Spacewalkers Install New
Camera Assembly, Jettison FPP
Space station Commander and NASA Science Officer Bill McArthur
and Flight Engineer Valery Tokarev installed a new camera assembly
and jettisoned the Floating Potential Probe during a 5-hour, 22
minute spacewalk Monday.
McArthur, designated EV1 (for Extravehicular Activity) and wearing
the spacesuit with red stripes, and Tokarev, EV2, in the all-white
suit, also completed two get-ahead tasks.
The camera assembly installation on the Port 1 Truss was the first
of the two primary tasks. The new device is similar to the camera
assembly on the Starboard 1 Truss, and was installed on a P1 lower
outboard stanchion. It will have a big role in future station
The camera assembly will be used after arrival of the P3 and P4
truss segment during STS-115, station assembly flight 12A, next
year. It will offer visual perspective to arm operator Steve MacLean,
a Canadian astronaut, as he maneuvers the truss segment for installation.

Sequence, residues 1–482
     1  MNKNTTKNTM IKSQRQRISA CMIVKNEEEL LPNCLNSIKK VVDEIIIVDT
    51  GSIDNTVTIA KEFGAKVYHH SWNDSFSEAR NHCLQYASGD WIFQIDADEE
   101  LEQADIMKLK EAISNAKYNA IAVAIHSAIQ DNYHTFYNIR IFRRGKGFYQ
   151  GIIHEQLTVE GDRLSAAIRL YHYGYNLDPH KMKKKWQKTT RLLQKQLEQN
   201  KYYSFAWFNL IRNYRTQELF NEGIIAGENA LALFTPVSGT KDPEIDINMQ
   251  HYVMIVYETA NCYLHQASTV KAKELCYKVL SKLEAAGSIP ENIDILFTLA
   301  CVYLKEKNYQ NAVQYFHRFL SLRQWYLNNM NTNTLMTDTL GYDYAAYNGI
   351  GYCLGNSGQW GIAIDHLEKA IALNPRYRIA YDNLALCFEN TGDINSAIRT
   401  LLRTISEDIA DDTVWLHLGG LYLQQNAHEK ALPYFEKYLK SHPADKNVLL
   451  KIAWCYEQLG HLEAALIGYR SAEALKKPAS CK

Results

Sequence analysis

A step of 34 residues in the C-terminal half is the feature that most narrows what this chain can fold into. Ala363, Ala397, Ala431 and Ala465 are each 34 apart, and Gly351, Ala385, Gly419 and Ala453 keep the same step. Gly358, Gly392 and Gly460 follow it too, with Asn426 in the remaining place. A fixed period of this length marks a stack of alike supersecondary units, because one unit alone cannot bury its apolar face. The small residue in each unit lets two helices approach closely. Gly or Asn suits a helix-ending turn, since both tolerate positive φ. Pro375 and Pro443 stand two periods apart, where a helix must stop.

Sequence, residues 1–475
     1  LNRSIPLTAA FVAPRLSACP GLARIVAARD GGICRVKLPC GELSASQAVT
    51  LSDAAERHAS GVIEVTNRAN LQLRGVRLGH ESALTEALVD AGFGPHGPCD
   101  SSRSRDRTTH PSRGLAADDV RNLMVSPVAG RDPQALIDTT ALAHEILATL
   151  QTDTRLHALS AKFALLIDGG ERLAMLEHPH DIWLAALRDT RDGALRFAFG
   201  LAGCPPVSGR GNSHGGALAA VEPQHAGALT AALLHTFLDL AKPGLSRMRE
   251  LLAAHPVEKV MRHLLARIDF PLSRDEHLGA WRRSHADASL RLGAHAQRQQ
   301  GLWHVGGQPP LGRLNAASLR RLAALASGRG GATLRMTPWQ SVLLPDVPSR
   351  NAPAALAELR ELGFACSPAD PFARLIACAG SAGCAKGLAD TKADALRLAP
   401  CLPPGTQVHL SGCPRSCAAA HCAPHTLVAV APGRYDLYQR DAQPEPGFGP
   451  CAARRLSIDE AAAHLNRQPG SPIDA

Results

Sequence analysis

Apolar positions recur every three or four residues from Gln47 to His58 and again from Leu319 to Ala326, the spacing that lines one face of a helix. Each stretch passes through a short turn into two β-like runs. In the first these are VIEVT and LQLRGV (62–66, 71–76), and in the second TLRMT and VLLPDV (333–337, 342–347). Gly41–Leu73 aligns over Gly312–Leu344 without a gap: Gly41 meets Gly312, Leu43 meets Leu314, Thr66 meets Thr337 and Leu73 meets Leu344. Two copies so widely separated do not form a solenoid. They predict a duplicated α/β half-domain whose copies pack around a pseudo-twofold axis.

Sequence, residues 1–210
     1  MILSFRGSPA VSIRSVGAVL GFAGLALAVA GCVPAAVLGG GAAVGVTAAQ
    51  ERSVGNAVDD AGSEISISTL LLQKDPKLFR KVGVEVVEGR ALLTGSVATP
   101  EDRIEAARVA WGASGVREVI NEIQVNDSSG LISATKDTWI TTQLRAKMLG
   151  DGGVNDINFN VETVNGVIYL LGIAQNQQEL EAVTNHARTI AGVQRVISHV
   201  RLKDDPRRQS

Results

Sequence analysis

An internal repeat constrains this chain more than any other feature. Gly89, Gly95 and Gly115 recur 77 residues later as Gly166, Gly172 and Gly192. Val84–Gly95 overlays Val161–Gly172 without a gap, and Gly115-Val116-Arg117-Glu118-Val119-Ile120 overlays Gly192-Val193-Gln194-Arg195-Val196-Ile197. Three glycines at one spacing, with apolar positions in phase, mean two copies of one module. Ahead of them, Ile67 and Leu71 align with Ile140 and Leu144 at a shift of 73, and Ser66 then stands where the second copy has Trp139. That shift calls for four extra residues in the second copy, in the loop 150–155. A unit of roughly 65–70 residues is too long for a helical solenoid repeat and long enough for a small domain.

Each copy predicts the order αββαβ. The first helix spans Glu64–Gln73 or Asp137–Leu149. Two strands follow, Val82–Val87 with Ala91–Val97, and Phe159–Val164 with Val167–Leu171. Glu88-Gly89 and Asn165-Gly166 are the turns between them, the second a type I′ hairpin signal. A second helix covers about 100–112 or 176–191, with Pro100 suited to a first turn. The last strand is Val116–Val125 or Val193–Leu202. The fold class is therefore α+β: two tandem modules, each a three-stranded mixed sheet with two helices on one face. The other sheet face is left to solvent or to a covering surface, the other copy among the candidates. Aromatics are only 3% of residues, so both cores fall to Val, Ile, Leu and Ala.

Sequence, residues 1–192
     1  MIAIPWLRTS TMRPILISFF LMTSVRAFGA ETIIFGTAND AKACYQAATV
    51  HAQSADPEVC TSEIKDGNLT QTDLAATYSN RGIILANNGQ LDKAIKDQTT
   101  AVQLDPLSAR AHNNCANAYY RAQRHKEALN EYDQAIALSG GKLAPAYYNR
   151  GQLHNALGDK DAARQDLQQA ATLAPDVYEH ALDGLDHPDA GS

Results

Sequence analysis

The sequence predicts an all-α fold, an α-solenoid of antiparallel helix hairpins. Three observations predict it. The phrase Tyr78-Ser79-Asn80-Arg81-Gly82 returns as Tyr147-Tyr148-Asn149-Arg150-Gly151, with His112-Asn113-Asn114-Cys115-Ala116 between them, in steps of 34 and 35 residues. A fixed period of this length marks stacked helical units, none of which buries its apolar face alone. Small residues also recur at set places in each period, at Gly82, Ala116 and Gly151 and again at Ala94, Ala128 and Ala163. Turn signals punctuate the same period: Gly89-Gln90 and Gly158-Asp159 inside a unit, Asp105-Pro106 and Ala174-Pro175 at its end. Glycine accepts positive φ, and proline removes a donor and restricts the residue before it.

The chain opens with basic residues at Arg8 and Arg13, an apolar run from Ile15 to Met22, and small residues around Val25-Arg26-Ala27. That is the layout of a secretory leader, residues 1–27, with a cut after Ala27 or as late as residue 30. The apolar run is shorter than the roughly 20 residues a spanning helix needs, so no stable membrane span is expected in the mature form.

The truss segment brings with it another radiator and another
set of solar wings. Stretching 240 feet from tip to tip, the solar
assembly will almost double the total electricity generating capacity
of the station.
McArthur and Tokarev spent about 2 hours, 10 minutes on the camera
assembly installation. In order to have daylight for the Floating
Potential Probe jettison, they moved on to one of the get-ahead
tasks, the retrieval of a failed remote joint motor controller.
Engineers are anxious to get this one back to see what went wrong
before others are sent to the space station.
After taking the RJMC and tools from the first task back to the
airlock, they then moved, with McArthur in the lead, up the P6
truss to the Floating Potential Probe.
The FPP was situated atop the P6 Truss between the station's solar
wings. It was designed to measure the station's electrical potential
and compare it to the surrounding plasma. It wasn't working.
Photos showed FPP fasteners had backed out. That raised concerns
that the fasteners could become detached and perhaps cause damage.
McArthur and Tokarev released and stowed a grounding wire, then
released the FPP housing from its stanchion. They checked its
condition and then report lighting conditions to Houston with
an eye to jettisoning the FPP.